The crew proceeded to carry out the instructions. It was dark, as the yard had no system for general overall lighting and the engine headlight was off. The yard engine was run around to the western end of the nine cars and coupled to the westernmost car, which was a gondola, and the nine cars were then pushed eastward and coupled to the five cars on Short 29. At this point, with all fourteen cars coupled and motionless and with the engine facing them and coupled to the gondola, which was the last car on the western end of the fourteen, the decedent gave the engineer the slack signal for the purpose of enabling the decedent to pull the coupling pin and cut the engine from the cars. This action seems to have originated with the deceased and was not covered by any instructions. The engineer gave him slack and the pin was pulled. The engine was then backed about fifteen feet and stopped. The decedent, Raudenbush, was not hurt in the uncoupling.

The cars, almost immediately after the engine was cut from them, started to roll slowly to the east down a slight incline in the tracks. The conductor, seeing this, shouted to the engineer to couple up again. The engineer then turned on the engine headlight for the first time and started the engine moving slowly toward the cars.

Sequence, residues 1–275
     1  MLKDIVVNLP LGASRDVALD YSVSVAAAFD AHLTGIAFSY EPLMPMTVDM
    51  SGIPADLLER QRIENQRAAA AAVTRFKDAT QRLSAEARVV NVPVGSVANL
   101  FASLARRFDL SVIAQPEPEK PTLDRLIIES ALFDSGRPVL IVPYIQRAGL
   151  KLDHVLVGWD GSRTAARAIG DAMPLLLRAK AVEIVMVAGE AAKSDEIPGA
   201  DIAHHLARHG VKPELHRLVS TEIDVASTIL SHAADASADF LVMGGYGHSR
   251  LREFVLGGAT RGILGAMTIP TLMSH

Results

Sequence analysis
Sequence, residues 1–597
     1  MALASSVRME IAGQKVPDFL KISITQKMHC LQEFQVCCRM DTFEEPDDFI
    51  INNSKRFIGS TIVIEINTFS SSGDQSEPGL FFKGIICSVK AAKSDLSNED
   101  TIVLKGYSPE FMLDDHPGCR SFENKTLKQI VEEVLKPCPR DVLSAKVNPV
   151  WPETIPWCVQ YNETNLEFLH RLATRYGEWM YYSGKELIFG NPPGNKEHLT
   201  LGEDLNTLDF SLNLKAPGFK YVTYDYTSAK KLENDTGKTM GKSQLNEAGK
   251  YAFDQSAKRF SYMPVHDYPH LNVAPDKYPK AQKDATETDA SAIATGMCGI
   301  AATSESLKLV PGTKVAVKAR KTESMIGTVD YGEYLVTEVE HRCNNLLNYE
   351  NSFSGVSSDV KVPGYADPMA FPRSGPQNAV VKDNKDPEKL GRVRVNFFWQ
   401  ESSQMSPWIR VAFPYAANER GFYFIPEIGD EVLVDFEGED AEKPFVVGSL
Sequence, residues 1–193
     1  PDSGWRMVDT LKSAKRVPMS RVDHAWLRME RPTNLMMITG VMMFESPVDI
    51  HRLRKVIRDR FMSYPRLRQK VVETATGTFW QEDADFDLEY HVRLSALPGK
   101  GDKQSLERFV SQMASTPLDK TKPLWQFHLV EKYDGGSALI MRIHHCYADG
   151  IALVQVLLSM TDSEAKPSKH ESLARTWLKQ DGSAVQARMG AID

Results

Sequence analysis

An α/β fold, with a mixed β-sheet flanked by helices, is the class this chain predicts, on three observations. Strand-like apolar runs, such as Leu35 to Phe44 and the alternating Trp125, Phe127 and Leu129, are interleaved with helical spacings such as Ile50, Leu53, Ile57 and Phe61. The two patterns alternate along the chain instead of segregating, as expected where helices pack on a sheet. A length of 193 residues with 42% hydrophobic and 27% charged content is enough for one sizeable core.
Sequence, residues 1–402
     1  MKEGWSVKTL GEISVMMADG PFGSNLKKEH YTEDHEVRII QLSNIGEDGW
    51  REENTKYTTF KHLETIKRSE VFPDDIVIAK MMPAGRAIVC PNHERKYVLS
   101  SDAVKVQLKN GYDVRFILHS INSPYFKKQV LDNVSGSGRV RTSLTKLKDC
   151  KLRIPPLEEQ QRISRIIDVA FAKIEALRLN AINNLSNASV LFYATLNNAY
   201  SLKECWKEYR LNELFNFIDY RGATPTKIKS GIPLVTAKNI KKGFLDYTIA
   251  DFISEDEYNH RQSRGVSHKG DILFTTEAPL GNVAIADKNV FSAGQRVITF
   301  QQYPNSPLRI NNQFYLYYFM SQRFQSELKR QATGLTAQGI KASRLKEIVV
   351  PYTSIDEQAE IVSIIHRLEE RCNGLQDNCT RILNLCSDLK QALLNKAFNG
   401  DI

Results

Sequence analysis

Meanwhile the conductor was walking toward the moving cars near the engine. He had seen a form go up over, reach and grab for the gondola on its eastern end - next to the second car - and realized that the form was Raudenbush. The next time he saw Raudenbush, the latter's body was being rolled between the wheels of the gondola. The conductor immediately gave the engineer the stop signal, and the engine came to a halt. It never got within more than two car lengths of the western end of the gondola. Finally the gondola passed the body of Raudenbush and stopped, and he lay in the middle of the tracks between the engine and the gondola, about a car length and a half from the engine and a car length from the gondola. Hence, the engine at no time touched him. He was taken to the hospital where he died shortly afterwards.